US coffee chain Starbucks is well-established in China, where it has been operating for 20 years and has grown to be the market leader, but it is now facing serious competition from a Chinese start-up that launched just 15 months ago.

Luckin Coffee, which is known as Ruixing in Chinese, has built up more than 2,000 outlets and has set itself a target of 4,500 by the end of this year.

Already valued at a minimum of $2bn, the company shows little sign of slowing down in its determination to take a major stake of China’s $3.2bn retail coffee market.

Now, in an interview with Bloomberg, Luckin’s chief strategy officer, Reinout Schakel, shed some light on the company’s ambitions and the reasons for its success so far.

“China is Starbucks’ best and most profitable market now, but it took them nine years of making huge losses. We will be faster than that,” said Schakel, who also serves as Luckin’s chief financial officer.

He said the company is well-funded and is looking to form more partnerships, like the one it has with e-commerce giant Tencent, as well as with foreign food and beverage chains in China.

He added that Luckin will concentrate on expanding its presence in tier 1 and 2 cities while waiting to see how Starbucks fares as it seeks to expand in rural China.

But despite the challenge that Luckin presents to Starbucks with its radically different operating model, Schakel seemed to suggest that the Chinese market has so much room to grow that it should be possible for it to sustain more than one major chain.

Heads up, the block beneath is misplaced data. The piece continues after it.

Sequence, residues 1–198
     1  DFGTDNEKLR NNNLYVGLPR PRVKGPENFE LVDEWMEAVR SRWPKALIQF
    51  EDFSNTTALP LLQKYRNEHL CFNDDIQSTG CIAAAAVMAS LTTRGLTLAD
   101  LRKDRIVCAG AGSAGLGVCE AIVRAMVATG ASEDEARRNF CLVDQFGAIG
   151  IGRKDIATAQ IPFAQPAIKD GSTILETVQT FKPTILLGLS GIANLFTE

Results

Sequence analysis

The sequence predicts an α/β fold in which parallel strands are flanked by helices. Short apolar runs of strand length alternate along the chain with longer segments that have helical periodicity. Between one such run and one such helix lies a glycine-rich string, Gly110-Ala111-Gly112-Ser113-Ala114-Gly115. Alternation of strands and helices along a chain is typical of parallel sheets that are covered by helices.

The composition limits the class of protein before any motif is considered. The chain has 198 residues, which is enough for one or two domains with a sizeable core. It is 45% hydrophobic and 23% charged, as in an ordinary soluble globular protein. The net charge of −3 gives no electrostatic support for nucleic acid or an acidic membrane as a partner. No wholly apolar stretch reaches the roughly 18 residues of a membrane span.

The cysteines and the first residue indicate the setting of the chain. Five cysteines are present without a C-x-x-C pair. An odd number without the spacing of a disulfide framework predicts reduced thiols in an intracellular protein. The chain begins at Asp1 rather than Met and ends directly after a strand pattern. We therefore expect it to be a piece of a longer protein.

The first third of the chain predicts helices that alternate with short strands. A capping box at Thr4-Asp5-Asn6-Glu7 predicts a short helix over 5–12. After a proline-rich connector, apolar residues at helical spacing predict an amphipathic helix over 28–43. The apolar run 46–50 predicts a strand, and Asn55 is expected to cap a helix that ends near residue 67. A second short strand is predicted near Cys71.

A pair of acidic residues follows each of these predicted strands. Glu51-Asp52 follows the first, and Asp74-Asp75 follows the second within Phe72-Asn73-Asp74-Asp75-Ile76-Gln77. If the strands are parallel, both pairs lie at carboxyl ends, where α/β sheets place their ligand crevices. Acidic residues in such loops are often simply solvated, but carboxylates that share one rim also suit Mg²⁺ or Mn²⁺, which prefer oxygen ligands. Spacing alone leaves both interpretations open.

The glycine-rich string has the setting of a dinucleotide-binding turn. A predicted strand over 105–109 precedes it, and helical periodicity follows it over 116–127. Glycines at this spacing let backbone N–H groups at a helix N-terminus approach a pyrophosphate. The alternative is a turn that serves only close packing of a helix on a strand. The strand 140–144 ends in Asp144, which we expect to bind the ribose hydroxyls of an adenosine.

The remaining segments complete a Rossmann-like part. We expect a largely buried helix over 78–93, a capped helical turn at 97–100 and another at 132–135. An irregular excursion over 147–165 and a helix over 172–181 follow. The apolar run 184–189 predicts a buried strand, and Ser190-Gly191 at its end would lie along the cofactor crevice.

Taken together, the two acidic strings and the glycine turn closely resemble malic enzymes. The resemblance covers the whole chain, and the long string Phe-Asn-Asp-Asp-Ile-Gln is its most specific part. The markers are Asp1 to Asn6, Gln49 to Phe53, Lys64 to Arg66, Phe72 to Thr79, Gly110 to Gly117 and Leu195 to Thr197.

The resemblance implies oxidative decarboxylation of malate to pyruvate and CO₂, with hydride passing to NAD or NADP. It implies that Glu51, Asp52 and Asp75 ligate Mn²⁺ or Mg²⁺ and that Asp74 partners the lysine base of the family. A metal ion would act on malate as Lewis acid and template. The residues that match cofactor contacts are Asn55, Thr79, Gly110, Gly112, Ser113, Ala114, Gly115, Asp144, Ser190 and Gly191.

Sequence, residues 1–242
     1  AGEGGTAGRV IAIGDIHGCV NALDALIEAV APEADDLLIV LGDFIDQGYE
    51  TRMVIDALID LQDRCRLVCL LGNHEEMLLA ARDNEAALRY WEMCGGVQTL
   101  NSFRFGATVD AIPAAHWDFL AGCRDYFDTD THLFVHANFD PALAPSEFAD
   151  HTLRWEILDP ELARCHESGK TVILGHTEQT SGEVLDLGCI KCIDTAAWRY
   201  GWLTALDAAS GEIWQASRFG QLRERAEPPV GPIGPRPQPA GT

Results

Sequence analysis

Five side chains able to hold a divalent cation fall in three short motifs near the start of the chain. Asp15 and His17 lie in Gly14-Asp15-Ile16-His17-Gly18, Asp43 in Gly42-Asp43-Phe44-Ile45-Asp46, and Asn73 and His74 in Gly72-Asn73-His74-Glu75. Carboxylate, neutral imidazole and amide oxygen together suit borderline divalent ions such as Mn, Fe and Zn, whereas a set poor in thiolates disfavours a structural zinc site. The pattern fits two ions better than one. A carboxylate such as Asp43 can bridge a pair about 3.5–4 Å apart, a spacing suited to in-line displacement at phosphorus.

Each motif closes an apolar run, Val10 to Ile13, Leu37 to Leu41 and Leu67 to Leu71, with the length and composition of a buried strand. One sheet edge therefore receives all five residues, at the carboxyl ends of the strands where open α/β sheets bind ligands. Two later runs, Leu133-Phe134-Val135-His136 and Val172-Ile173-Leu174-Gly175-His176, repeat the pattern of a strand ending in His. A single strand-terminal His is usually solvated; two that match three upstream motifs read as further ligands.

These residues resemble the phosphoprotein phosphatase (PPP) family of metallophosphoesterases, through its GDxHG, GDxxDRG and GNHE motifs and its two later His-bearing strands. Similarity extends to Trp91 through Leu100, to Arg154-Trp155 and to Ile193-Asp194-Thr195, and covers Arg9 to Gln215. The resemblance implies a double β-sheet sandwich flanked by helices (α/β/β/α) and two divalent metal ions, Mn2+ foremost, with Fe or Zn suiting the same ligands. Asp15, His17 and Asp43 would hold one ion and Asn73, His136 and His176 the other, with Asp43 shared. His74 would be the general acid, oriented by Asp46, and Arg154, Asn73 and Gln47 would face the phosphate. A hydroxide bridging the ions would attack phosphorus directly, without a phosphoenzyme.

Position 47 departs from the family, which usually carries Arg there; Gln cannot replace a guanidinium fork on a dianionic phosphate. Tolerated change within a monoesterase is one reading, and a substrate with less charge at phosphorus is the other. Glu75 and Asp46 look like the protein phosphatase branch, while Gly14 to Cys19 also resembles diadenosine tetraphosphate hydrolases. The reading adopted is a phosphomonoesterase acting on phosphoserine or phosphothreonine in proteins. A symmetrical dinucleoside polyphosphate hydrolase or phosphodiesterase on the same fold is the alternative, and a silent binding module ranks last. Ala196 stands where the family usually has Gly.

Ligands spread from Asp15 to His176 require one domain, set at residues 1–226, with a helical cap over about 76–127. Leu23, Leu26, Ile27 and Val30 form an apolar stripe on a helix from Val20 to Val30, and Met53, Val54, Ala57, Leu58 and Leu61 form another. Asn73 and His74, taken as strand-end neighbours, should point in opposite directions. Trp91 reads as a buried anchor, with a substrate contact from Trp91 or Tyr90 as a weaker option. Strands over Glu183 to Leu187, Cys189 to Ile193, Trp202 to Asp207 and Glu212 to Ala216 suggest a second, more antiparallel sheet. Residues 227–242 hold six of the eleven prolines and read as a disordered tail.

“Of course we are competitors, but ultimately we both want the market to grow,” he said. “If I was an investor in Starbucks, I would also invest in Luckin to hedge my bets.”

Luckin’s success has been attributed to its relentless focus on convenience and efficiency. Whereas Starbucks has emphasised customer service and the pleasant décor of its stores, Luckin aims to appeal to a mass market by offering extremely competitive pricing.

In addition to its steep discounting, the company’s small-sized outlets are also deliberately located in or near office buildings so that it can rush out speedy deliveries, including via an app. By contrast, Starbucks only launched a delivery service as recently as August last year.

Sourced from Bloomberg; additional content by WARC staff